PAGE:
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According to Wikipedia,

An epilogue is the final chapter at the end of a story that often serves to reveal the fates of the characters. Some epilogues may feature scenes only tangentially related to the subject of the story. They can be used to hint at a sequel or wrap up all the loose ends. They can occur at a significant period of time after the main plot has ended. In some cases, the epilogue is used to allow the main character a chance to "speak freely".

Now, my understanding is that in most cases the epilogue is at most one chapter.

Yet, if you have multiple characters in your story, you may want to "wrap loose ends" for each one of them. This is especially true if your narrator has a limited perspective of the events, and wouldn't be able to talk of all the relevant characters in a single chapter.

So, can you write more than one epilogue?

Of course, I'm well aware that you can put how many chapters you wish at the end of your novel. What I'm interested in is if it would be possible to "extend" the notion of epilogue to a subset of chapters.

E.g, if we have three characters, Alice, Bob and Charlie, we may want to have:

  • Epilogue: Alice
  • Epilogue: Bob
  • Epilogue: Charlie

Each one keeps the basic functions of an epilogue described above.

  • Consider Phlebas by Ian M Banks, my most recent read, does precisely that for each of its characters, cultures, species and conflicts. I found it an positive addition. Great book btw. en.wikipedia.org/wiki/Consider_Phlebas – Ynneadwraith May 10 at 9:43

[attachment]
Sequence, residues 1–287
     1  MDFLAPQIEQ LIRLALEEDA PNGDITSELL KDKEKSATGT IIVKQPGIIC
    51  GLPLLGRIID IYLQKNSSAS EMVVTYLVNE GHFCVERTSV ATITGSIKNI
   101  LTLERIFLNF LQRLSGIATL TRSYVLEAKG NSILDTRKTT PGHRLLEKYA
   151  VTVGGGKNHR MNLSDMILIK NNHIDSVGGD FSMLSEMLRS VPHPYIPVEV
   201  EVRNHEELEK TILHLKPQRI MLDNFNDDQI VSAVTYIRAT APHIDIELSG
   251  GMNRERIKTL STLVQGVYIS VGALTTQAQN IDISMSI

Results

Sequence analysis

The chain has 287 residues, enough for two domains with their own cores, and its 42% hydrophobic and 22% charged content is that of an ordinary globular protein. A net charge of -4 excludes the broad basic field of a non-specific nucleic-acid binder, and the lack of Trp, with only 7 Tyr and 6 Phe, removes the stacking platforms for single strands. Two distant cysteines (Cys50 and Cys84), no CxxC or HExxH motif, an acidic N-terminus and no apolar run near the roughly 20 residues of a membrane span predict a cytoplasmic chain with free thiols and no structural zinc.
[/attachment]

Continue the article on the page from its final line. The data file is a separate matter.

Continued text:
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    Ever read Return of the King? I think there are like seventeen separate epilogues. The movie takes half an hour to end. – Lauren Ipsum May 10 at 9:54
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    @LaurenIpsum I read it something like 18 years ago. Honestly I just remember that the film skipped most of the ending arc :) – Liquid May 10 at 10:46
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I've read several stories that do this and I've always appreciated it, personally. Many stories will simply end and leave the reader to fill in the details, but for me this has always just been lazy. If someone wanted to fill in the details, why write the story at all? They can just fill in all of the details.

That's all just opinion, though. You ask whether you can write more than one epilogue, to which the answer is simple:

Yes, of course.

Why wouldn't you be able to? As long as you're writing interesting, well-written content that your readers are going to care about, you're doing the right thing.

If you're concerned about your particular target audience, why not try asking around? Do some polling, maybe. I can only offer my personal perspective, which is not necessarily useful.

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You can, but it's self-indulgent and kind of sloppy --a bunch of disconnected scenes outside the body of your story. Typically an epilogue helps put a cap on a story, and bring it closure. But this effect is diluted by multiple epilogues.

Of course, you want your reader to desire to hold on to your characters and your world after the story ends. Even in that case, however, the multiple epilogues can be counter-productive. They stop your reader from dreaming up his or her own future for the characters. If you're bound and determined to do this, I'd recommend just reducing the multiple epilogues to single paragraphs or even sentences --just enough to give a little update on how the characters are doing in the future. Or, finding a reason to bring all the characters together in the future, so at least they can share a single scene.

The only time I would accept multiple, fully realized epilogues is in obedience to the rule that the end structure should mirror the beginning structure. If you've started your book by introducing your A, B and C characters one by one, in their own individual prologues, I can see pairing that with multiple epilogues at the end.

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